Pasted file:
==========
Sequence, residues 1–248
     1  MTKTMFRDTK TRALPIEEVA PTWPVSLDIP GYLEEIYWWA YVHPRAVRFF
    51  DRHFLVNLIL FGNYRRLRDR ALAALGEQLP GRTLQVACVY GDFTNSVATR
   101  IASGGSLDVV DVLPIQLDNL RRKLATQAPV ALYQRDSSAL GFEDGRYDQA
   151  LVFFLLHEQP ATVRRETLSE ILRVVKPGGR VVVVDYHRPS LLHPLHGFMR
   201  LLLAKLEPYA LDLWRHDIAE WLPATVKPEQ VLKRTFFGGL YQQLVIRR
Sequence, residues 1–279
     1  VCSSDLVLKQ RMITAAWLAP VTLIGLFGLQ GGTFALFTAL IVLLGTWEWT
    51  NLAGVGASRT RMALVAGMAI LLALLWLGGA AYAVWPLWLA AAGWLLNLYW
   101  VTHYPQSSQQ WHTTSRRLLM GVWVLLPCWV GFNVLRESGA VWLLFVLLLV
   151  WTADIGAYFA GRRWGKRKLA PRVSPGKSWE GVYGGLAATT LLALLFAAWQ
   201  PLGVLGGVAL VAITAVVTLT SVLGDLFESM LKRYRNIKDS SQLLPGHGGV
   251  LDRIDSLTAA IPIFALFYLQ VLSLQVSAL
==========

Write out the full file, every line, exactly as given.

Sequence, residues 1–248
     1  MTKTMFRDTK TRALPIEEVA PTWPVSLDIP GYLEEIYWWA YVHPRAVRFF
    51  DRHFLVNLIL FGNYRRLRDR ALAALGEQLP GRTLQVACVY GDFTNSVATR
   101  IASGGSLDVV DVLPIQLDNL RRKLATQAPV ALYQRDSSAL GFEDGRYDQA
   151  LVFFLLHEQP ATVRRETLSE ILRVVKPGGR VVVVDYHRPS LLHPLHGFMR
   201  LLLAKLEPYA LDLWRHDIAE WLPATVKPEQ VLKRTFFGGL YQQLVIRR
Sequence, residues 1–279
     1  VCSSDLVLKQ RMITAAWLAP VTLIGLFGLQ GGTFALFTAL IVLLGTWEWT
    51  NLAGVGASRT RMALVAGMAI LLALLWLGGA AYAVWPLWLA AAGWLLNLYW
   101  VTHYPQSSQQ WHTTSRRLLM GVWVLLPCWV GFNVLRESGA VWLLFVLLLV
   151  WTADIGAYFA GRRWGKRKLA PRVSPGKSWE GVYGGLAATT LLALLFAAWQ
   201  PLGVLGGVAL VAITAVVTLT SVLGDLFESM LKRYRNIKDS SQLLPGHGGV
   251  LDRIDSLTAA IPIFALFYLQ VLSLQVSAL